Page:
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Relative Humidity

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This activity will look at two of the most fundamental and important elements of weather: temperature and humidity.


1. The students will discover the need for measuring instruments to quantify weather observations. 2. The students will learn how to use a sling psychrometer to determine temperature and relative humidity values. 3. The students will explain and understand the difference between absolute and relative humidity and the relationships between temperature and atmospheric humidity.


Atmospheric Temperature is one of the most frequently considered of the many meteorological elements. This influence of air temperature on the growth and well-being of earth’s life forms is paramount. Temperature is basically a measure of the molecular kinetic energy of a substance. (Or how fast the molecules are moving). Therefore reference points upon which compare molecular activities or temperatures are needed. The freezing point and boiling points of water are used as 32OF or 0OCis the freezing point and 212OF or 100OC is the boiling point.

Water is a basic necessity for the life forms here on Earth. At a given moment, only about 1/100,000 part of the earth’s supply of water is found in the atmosphere, yet it is this atmospheric water that brings moisture to the surface of the earth and makes it habitable. In the hydrologic cycle, water is constantly being moved from the earth’s surface into the troposphere where it gives rise to clouds and precipitation, thereby bringing the water back to the surface again.

Humidity is defined as the amount of water vapor in the atmosphere. It is measured in several ways. In one method, the mass of the water vapor is measured per unit volume, usually a cubic meter (m3). This measure of humidity is referred to as absolute humidity and reported as grams H2O/m3.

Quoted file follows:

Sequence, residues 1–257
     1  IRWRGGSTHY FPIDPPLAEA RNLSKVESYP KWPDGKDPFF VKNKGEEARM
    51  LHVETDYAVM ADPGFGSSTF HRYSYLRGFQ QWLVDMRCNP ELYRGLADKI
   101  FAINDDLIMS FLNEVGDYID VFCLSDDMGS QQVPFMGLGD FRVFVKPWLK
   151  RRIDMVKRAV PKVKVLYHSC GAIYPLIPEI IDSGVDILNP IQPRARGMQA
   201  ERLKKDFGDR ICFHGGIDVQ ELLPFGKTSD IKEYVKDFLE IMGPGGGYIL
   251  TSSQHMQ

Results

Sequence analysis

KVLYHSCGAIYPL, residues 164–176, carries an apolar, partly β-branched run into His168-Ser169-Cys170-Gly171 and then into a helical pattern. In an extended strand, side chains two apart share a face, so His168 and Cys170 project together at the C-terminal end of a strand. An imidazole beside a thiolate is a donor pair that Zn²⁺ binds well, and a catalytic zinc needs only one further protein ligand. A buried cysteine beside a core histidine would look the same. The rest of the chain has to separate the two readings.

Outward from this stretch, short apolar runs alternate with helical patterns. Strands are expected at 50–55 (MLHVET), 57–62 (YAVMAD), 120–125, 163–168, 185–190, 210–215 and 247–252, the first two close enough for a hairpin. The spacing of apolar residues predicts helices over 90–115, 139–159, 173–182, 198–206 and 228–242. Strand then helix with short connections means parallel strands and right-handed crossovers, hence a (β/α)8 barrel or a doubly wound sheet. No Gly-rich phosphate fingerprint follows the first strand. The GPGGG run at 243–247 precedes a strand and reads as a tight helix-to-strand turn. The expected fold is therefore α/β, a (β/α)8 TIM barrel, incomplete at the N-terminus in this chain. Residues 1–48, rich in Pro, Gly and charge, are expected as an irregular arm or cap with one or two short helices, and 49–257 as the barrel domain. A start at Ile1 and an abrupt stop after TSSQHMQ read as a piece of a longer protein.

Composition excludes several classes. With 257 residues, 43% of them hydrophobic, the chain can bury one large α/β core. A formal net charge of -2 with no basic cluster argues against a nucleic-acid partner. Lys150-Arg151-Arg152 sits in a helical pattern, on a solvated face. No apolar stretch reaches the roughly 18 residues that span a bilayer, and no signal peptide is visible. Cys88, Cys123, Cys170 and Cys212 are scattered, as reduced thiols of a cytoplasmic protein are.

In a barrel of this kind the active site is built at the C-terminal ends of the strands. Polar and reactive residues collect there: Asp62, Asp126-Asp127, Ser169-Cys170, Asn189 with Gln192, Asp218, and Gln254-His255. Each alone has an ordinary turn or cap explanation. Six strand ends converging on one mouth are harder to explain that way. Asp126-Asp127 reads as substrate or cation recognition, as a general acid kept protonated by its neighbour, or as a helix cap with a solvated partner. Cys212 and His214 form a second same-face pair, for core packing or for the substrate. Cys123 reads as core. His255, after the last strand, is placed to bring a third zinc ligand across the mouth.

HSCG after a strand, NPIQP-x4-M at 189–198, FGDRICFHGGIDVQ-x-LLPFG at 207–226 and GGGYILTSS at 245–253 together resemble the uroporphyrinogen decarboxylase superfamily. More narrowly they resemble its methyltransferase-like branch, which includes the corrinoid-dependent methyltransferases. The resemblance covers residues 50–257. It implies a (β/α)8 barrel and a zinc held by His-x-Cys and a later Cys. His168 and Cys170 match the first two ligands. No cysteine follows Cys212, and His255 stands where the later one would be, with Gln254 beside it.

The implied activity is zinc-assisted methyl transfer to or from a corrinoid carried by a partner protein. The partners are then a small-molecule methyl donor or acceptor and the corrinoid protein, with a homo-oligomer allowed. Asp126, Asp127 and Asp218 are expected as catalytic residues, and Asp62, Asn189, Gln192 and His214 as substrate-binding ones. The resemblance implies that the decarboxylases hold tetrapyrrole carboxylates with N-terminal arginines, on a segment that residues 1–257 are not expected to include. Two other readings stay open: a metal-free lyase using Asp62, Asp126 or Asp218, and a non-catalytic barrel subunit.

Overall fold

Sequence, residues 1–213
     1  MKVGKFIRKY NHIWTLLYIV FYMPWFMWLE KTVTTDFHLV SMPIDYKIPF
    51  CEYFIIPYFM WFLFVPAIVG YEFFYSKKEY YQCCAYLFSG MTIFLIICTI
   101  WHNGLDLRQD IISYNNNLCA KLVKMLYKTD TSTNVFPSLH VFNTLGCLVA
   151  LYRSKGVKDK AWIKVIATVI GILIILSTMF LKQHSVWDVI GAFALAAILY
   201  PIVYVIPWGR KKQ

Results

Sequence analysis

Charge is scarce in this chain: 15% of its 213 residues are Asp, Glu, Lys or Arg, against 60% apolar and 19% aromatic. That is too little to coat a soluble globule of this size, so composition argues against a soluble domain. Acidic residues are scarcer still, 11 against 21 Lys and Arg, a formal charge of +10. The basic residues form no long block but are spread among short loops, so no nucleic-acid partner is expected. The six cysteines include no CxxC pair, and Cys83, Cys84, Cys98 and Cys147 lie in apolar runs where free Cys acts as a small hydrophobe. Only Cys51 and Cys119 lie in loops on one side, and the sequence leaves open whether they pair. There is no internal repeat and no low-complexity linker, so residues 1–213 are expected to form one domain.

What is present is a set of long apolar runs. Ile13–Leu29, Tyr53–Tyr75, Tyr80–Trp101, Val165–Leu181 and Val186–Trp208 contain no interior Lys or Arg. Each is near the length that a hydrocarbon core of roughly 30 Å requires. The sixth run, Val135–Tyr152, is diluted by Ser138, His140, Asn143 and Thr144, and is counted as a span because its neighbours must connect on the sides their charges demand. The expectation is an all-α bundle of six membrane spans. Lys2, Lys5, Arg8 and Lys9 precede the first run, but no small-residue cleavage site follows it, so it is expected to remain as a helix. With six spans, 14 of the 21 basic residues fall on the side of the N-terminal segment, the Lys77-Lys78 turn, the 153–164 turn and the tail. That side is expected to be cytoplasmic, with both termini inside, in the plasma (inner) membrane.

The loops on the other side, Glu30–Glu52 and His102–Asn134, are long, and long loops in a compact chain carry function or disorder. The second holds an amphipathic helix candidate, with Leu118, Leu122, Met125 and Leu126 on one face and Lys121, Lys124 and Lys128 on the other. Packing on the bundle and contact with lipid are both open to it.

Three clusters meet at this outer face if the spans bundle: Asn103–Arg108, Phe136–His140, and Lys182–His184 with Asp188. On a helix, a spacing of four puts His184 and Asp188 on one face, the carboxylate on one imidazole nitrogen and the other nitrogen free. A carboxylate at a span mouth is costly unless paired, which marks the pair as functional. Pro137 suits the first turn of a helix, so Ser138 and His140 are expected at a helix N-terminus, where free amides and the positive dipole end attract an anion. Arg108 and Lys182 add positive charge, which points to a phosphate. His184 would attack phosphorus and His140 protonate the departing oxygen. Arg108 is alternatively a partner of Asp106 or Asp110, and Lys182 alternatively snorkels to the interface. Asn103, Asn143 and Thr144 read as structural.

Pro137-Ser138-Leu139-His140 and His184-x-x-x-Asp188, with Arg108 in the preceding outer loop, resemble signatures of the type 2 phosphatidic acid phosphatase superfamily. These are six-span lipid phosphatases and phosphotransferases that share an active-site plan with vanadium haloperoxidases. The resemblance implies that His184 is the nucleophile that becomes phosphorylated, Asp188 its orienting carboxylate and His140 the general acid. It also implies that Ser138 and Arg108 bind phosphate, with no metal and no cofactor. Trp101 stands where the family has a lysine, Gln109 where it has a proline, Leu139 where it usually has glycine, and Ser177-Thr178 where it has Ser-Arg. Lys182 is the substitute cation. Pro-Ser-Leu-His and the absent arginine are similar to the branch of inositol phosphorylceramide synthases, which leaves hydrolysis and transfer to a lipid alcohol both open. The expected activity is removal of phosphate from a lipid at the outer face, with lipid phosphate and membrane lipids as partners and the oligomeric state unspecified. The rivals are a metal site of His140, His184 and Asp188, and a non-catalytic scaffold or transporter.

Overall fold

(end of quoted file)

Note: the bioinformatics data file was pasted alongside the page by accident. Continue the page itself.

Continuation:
The humidity may also be expressed as a mixing ratio. The mixing ratio represents the mass of water vapor in the atmosphere measured in grams per kilogram mass (g/kg) of dry air.

Specific humidity, yet another way to measure and report humidity, is essentially the same as the mixing ratio, differing only in that the sample mass of air includes the mass of H2O vapor contained within it.

While each of the methods just described to report humidity involve measuring the mass of H2O vapor within a sample unit of air, there is yet another way to measure the amount of water vapor in the atmosphere that utilizes a different approach. The concept of partial vapor pressure breaks out the amount of the total atmospheric pressure attributable solely to H2O vapor. For instance if the atmospheric pressure is 1000 millibars, and H2O vapor represents 3% of the mass of the air (which is manifested as air pressure) we could describe the amount of H2O vapor present by reporting the actual vapor pressure as 30 millibars.

Relative humidity, the most widely reported measure of humidity, is not a direct measure of the amount of water vapor in the atmosphere, but rather the ratio of the air’s water vapor content to its water vapor capacity at a given temperature. The capacity is the amount of H2O vapor needed to produce saturation at that particular temperature.

The various formulae for relative humidity are:

amount of water vapor in atmosphere (per unit) X 100 water vapor capacity of atmosphere (per unit)


mixing ratioX 100
saturation mixing ratio


actual vapor pressure X 100
saturation vapor pressure

Humidity can be expressed in several ways. One measure of humidity is vapor pressure. Every gas existing in air is contributing to part of the pressure being exerted by the air. The vapor pressure is the part of the total atmospheric pressure being exerted by the water vapor in the air. Therefore, it is a measure of the actual vapor content or absolute humidity. If the air is holding the maximum amount of vapor capable of holding, it is said to be saturated and the vapor content can be expressed as the saturated vapor pressure. There is a significant relationship between the temperature of the air and its capacity to hold moisture. The higher the temperature the greater of the air to hold moisture. This relationship between temperature and saturated vapor pressure.

Simple Calculations:
Using the formulas stated above in this lab perform the following calculations and answer the questions. You must show your work.

1 If the water vapor capacity of the atmosphere in a given location is 25 grams per kilogram of air sampled, and the actual amount of water vapor present is 5 grams per kilogram of air sampled, what is the relative humidity?

Water vapor/ wv capacity=rh
5g per k/ 25g per k=.20×100=20

2 If the water vapor capacity of the atmosphere in a given location is 12
grams per kilogram of air sampled, and the actual amount of water vapor present is 3 grams per kilogram of air sampled, what is the relative humidity?

3g per k/12g per k=.25×100=25